Mexico City – Archaeologists working on the construction of the Tren Maya Hotel in Palenque, Chiapas, Mexico, have uncovered an ancient human burial site. This discovery sheds light on the history of the region and provides insights into the lives of the people who once lived there.
The find, which occurred on September 11, 2023, was announced by Diego Prieto Hernández, the Director General of the National Institute of Anthropology and History (INAH), during President Andrés Manuel López Obrador’s Monday morning press conference. The burial site is believed to date back to the time when Palenque was known as Lakamha’, a pre-Hispanic city.
The burial site contained the skeletal remains of an individual, along with a collection of funerary items. These items included three ceramic vessels, a pair of ear ornaments, and two green stone beads. The careful arrangement of these items suggests that the person buried here held significant importance within the community.
The burial was discovered four meters below the top of a Maya structure and was constructed as a cist, resembling a stone box, sealed with limestone slabs. The individual was buried in a supine position with legs extended and the head facing north. This burial style reflects the cultural practices of the time.
Experts believe that the structure housing the burial was built specifically to honor and preserve the memory of this important individual. This finding offers valuable insights into the social structure and beliefs of the ancient Palenque community.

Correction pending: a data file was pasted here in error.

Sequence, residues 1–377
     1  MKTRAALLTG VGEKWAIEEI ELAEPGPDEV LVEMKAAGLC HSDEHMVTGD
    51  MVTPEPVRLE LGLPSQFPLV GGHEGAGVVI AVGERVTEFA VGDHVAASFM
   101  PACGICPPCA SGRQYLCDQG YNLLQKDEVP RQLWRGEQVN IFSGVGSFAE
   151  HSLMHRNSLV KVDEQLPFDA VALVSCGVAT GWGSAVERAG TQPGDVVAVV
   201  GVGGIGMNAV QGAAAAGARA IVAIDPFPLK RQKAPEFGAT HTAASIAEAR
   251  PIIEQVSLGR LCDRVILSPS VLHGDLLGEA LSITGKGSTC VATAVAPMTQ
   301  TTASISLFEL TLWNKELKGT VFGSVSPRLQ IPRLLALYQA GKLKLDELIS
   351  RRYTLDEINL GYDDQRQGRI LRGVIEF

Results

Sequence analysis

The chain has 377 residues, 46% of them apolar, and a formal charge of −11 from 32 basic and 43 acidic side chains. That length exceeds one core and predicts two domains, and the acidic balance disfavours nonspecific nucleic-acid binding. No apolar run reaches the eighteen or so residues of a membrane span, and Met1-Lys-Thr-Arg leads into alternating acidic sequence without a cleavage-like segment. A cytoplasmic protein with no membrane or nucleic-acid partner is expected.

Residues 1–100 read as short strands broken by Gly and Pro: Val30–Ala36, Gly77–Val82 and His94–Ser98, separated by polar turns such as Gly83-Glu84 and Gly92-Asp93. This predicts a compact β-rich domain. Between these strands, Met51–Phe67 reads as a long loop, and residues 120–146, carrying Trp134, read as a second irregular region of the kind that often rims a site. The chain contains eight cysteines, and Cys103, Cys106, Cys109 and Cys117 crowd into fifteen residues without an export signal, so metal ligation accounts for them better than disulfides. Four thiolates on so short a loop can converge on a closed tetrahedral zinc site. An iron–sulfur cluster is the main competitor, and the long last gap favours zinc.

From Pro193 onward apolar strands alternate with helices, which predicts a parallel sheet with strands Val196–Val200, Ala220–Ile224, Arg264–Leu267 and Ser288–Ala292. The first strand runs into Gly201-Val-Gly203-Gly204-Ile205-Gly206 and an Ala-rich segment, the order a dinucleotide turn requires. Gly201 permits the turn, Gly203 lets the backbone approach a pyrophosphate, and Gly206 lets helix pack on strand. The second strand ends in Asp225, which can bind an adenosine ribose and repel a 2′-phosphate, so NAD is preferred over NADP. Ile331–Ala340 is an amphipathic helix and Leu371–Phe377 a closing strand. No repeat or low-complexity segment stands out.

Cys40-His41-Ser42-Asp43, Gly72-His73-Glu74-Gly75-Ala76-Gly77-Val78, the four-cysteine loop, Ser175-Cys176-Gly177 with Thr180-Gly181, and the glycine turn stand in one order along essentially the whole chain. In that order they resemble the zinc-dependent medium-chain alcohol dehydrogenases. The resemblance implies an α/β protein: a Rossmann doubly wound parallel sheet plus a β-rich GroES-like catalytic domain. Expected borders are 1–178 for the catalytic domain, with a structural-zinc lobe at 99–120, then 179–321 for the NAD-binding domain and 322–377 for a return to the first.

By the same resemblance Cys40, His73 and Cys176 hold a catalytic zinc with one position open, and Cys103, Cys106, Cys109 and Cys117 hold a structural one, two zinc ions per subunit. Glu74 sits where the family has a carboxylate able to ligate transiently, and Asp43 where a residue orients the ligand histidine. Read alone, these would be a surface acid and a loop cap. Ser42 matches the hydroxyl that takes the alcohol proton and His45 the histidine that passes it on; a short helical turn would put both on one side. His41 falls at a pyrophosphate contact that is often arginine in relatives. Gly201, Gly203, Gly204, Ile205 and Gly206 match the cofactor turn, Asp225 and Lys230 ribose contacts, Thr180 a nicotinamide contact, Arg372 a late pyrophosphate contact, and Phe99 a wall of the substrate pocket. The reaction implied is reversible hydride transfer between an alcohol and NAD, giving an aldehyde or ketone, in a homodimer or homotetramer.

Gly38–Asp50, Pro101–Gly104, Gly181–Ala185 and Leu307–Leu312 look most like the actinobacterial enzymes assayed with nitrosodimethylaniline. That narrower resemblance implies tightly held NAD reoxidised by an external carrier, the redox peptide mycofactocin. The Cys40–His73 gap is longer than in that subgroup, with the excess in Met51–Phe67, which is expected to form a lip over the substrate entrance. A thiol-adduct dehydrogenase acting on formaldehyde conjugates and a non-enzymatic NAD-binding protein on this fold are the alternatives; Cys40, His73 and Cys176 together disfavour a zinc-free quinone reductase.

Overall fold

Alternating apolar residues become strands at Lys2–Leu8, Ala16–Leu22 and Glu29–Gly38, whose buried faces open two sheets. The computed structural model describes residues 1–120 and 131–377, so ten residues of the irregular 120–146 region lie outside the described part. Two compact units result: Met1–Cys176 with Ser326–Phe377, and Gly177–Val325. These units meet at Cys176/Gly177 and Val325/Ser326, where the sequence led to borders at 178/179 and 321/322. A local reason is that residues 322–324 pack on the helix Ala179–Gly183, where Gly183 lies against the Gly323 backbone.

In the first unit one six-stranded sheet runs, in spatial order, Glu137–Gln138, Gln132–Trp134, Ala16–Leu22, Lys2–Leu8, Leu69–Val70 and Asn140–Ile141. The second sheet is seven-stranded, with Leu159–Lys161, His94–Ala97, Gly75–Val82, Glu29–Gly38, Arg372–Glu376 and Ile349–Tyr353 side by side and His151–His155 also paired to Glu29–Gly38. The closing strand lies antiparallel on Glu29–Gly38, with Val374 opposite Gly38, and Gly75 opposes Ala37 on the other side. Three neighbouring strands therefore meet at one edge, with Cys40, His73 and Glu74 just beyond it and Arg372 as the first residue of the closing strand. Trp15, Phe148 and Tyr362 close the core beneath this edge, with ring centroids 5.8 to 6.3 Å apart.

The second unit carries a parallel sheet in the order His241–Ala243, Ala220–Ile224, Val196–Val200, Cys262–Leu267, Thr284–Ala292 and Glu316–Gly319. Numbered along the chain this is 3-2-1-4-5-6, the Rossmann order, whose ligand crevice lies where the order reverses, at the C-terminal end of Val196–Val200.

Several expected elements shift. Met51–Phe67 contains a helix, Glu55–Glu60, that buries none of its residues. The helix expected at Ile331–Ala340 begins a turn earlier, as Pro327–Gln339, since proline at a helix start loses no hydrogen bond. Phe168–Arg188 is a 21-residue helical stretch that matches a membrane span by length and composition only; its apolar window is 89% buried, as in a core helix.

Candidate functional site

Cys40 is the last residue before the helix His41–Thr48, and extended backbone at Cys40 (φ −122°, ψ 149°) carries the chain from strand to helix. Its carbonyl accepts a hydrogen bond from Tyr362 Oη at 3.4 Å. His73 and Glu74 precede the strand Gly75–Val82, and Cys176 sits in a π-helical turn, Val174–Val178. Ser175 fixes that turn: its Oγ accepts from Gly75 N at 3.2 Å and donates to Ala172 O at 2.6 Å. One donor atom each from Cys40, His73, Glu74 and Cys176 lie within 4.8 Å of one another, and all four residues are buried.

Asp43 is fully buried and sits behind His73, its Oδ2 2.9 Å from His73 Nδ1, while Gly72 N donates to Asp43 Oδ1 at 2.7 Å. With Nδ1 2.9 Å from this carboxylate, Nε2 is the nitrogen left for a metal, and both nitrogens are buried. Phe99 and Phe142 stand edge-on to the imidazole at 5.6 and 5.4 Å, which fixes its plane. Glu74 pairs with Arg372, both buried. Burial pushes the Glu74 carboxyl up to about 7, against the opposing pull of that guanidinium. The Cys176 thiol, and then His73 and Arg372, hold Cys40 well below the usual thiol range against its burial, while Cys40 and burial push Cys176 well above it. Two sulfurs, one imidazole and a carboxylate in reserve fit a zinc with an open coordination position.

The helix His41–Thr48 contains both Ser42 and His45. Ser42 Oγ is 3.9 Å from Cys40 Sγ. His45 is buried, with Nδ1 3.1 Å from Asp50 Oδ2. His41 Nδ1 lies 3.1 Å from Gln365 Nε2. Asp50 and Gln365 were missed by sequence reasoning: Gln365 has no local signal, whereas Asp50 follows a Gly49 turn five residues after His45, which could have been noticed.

In addition to the burial discovery, Prieto Hernández shared updates on the progress of the Archaeological Zone Improvement Program (Promeza) in Palenque, as well as in Moral-Reforma and El Tigre. These projects aim to conserve and enhance the archaeological sites along the Tren Maya route.
The renovation of the “Alberto Ruz L’huillier” Site Museum in Palenque is 34% complete, and the Visitor Center (Catvi) is ready to welcome artisans and tourist guides, providing opportunities for the local community.
The INAH’s extensive work in discovering and safeguarding valuable cultural artifacts along the initial stretch of the Tren Maya route has resulted in the documentation and protection of 2,698 real estate properties; 248 furniture items, 284,900 analyzed ceramic fragments, 177 human burials, and 55 natural features linked to pre-Hispanic Maya communities.
These archaeological finds not only uncover the secrets of the past but also highlight the importance of preserving and understanding our shared cultural heritage. It reminds us of the rich history that lies beneath the surface, waiting to be discovered and appreciated.